- In a total market index fund, you’re essentially invested in a teensy bit of every single company in the stock market, which gives you a ton of diversity. If one company or sector tanks, your entire portfolio isn’t toast. It’s the “not putting all of your eggs in one basket” version of investing.
- Low fees are crucial because high fees will eat away at your money over time. Before you start investing, be certain that you know what an expense ratio is and what YOUR expense ratio is.
- Wondering how to find a fund’s expense ratio? Check out the tutorial in this Case Study.
- For reference, the following three brokerages offer DIY low-fee investment options:
- Fidelity’s Total Market Index Fund (FSKAX) has an expense ratio of 0.015%
- Charles Schwab’s Total Market Index Fund (SWTSX) has an expense ratio of 0.03%
- Vanguard’s Total Market Index Fund (VTSAX) has an expense ratio of 0.04%
- Optional: Invest for your children’s higher education.
- Next on our tour of the financial hierarchy is saving for your children’s higher education. This is most commonly done through a 529 college savings account.
- The reason this is last on the list is simple: it’s a “put your own oxygen mask on first” scenario.
- While you want to provide for your children, you must provide for your own retirement. Kids can take out loans for school, but you cannot take out loans for retirement. I always advise parents to first ensure they’re on track for their own retirement, then contribute to a 529 account.
- The situation you want to avoid is that you pay for your kids’ college and then have to move in with them in your old age because you didn’t save enough for retirement.
- Ongoing: Rebalance, check-in, scan for new investment opportunities.
- Put yourself on a schedule of checking in on all of the above:
- Is your emergency fund staying in line with your spending?
- Are you still on track for retirement?
- Have any debts cropped up that need to be paid down?
- While it’s a linear list, it’s also one you need to continually loop through because life happens and things change.
- If you’re invested in the stock market–through retirement, taxable investments, 529s, etc–you’ll want to rebalance your portfolio on a regular basis and ensure that your investments match your plans, your age, and your personal risk tolerance.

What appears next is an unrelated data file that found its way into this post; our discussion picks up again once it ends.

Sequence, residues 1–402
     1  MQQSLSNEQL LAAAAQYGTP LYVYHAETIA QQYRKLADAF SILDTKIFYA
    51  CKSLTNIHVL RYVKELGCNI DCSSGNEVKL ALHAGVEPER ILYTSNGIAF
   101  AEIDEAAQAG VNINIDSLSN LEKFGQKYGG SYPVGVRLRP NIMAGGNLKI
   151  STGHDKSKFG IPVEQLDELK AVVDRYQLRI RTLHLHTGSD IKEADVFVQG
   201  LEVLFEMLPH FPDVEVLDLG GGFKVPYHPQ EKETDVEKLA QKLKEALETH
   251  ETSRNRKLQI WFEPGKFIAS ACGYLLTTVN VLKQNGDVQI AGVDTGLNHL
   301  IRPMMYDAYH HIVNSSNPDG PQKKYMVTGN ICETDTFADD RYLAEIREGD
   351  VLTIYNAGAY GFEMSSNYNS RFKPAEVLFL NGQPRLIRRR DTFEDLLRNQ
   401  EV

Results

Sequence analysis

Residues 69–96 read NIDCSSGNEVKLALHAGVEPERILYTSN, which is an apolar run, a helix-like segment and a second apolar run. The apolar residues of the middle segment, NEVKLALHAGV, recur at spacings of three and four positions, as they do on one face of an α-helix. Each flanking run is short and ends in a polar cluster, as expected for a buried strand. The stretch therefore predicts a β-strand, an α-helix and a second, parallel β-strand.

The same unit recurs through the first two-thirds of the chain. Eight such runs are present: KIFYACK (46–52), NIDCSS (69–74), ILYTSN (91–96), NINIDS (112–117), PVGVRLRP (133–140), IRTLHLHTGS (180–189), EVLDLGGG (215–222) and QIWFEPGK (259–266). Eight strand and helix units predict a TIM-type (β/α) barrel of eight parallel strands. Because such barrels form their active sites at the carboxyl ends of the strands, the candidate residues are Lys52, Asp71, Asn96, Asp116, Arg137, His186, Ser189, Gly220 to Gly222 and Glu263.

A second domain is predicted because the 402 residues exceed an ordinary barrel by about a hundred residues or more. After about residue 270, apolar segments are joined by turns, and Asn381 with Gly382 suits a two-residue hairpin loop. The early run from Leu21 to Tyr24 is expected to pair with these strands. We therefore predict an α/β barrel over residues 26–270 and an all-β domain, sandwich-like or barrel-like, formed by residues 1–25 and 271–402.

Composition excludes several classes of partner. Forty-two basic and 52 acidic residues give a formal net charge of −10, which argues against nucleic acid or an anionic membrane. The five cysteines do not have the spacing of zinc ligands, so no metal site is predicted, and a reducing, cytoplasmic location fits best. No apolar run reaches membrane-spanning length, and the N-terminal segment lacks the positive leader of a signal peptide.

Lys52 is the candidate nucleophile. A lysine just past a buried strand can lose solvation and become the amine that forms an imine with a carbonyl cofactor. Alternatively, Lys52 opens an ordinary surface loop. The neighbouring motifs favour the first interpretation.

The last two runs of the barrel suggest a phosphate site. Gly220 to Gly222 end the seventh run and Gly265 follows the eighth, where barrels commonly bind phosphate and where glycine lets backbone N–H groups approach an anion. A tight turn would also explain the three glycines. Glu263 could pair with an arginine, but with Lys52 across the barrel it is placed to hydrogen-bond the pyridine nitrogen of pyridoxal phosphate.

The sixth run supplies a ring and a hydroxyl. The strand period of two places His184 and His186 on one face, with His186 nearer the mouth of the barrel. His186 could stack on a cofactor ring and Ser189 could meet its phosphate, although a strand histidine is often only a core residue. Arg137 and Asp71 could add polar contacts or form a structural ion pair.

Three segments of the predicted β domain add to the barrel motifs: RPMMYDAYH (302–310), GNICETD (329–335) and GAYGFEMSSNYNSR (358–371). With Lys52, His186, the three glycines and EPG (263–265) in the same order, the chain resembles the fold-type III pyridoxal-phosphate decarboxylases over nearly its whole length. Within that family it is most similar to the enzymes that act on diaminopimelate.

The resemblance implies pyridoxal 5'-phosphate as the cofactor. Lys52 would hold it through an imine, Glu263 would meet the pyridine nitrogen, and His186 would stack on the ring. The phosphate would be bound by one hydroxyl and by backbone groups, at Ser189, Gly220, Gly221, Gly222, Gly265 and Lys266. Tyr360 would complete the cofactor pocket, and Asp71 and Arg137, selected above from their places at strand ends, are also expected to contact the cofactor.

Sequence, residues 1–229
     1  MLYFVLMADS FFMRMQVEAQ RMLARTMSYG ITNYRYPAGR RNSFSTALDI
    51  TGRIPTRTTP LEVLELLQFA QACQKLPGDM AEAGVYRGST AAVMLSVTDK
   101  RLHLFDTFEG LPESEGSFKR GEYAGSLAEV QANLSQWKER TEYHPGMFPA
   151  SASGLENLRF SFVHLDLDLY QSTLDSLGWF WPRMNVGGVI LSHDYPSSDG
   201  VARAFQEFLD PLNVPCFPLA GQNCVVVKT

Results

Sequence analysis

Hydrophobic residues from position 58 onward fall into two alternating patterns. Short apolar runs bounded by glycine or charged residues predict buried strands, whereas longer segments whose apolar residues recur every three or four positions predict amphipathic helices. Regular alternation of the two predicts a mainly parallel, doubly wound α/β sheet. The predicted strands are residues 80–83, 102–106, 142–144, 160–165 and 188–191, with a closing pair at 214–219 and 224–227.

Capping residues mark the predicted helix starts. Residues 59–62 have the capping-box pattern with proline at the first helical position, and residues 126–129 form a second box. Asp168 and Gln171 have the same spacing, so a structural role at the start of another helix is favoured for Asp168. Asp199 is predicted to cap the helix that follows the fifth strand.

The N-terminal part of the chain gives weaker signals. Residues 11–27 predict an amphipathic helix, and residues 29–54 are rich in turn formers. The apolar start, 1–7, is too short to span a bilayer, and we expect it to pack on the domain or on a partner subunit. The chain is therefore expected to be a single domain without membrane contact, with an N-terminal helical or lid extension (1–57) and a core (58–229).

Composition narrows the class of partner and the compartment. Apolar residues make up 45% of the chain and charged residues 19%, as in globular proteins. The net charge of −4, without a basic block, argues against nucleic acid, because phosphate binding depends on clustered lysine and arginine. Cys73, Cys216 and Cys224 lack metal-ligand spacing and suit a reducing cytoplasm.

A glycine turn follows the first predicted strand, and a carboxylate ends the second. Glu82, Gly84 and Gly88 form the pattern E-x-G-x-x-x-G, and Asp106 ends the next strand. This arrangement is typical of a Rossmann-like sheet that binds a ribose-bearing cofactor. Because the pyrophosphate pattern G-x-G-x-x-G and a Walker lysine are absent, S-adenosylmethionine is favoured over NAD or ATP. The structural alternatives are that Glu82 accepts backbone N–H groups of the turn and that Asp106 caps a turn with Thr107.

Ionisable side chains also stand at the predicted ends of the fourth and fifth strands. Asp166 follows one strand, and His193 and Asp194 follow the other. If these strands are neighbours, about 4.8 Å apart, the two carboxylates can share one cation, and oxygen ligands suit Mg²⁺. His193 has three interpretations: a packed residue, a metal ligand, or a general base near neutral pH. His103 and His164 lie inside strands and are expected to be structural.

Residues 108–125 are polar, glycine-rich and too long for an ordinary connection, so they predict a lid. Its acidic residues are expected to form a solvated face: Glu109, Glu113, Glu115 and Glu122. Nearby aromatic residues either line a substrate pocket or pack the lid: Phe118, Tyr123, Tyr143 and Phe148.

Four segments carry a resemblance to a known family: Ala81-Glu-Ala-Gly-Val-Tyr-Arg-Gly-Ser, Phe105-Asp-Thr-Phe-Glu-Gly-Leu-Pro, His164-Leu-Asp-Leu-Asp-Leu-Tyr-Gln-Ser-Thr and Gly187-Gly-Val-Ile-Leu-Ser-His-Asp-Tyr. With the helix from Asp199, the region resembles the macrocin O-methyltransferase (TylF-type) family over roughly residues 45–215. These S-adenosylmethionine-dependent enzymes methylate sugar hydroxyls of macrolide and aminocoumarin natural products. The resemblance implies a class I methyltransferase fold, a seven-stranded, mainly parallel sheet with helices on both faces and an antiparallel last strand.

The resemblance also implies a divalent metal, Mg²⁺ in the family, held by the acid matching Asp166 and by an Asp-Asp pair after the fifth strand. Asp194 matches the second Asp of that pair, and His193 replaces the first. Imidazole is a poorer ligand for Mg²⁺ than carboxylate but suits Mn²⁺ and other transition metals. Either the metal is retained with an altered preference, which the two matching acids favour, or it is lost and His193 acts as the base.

- Put yourself on a schedule of checking in on all of the above:
How Does This Relate To Savings Accounts?
Oh right! Savings accounts! A savings account is where you want to park:
- Your emergency fund.
- Savings for specific, large, near-term purchases such as: a new car, a new home, a new roof, etc.
- If you anticipate needing to purchase something major in the near-term (say, the next five years or so), you want to have the cash for that readily available.
- The reason you DON’T want to invest this money in the stock market is that the stock market is unpredictable. The market goes up and down–that’s what it’s supposed to do–and the way you weather those fluctuations effectively is with time.
- If you remain invested in the market for a long time, historical stock market returns show that you’re likely to enjoy a 7% annual return on your investments. However, this does NOT mean you’ll make 7% every single year. One year you might lose money and the next you might lose money and then the third year, you might experience a double digit return.
- Given the mercurial nature of the market, you don’t want to invest money you anticipate needing anytime soon because it might lose value.
- When people say they “lost it all in the market,” what they’re referring to is selling stocks at a loss. As long as you don’t sell when the market’s down, you won’t lock in those losses. Instead, you’ll continue to ride the wave of the market back up.
For folks with a big purchase on the horizon, using a high-yield savings account is even more important [insert referral link here]. The more money you have, the more impactful the interest rate. For example: if you have $75,000 saved for a downpayment on a home you hope to buy in the next few years, and you put it into a high-yield savings account that earns 3% in interest, that’s $2,250 per year!
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Granted, the interest rate on a savings account isn’t fixed–which means it can fluctuate up and down–but still, even if you only earned that high interest for a short period of time, it’s way better than earning nothing! Since savings accounts aren’t inherently risky in the way that stocks are, there’s no reason not to choose an account with a high interest rate.
High-Yield Savings Accounts to Choose From
Here’s a list of high-yield savings accounts [insert referral link here] and their current interest rate offerings, which as I noted, aren’t fixed and can change over time (affiliate link). Utilizing one of these accounts is an easy, low-risk, straightforward way to make your money work for you!
Where do you keep your savings? What questions do you have for me about high-yield savings accounts?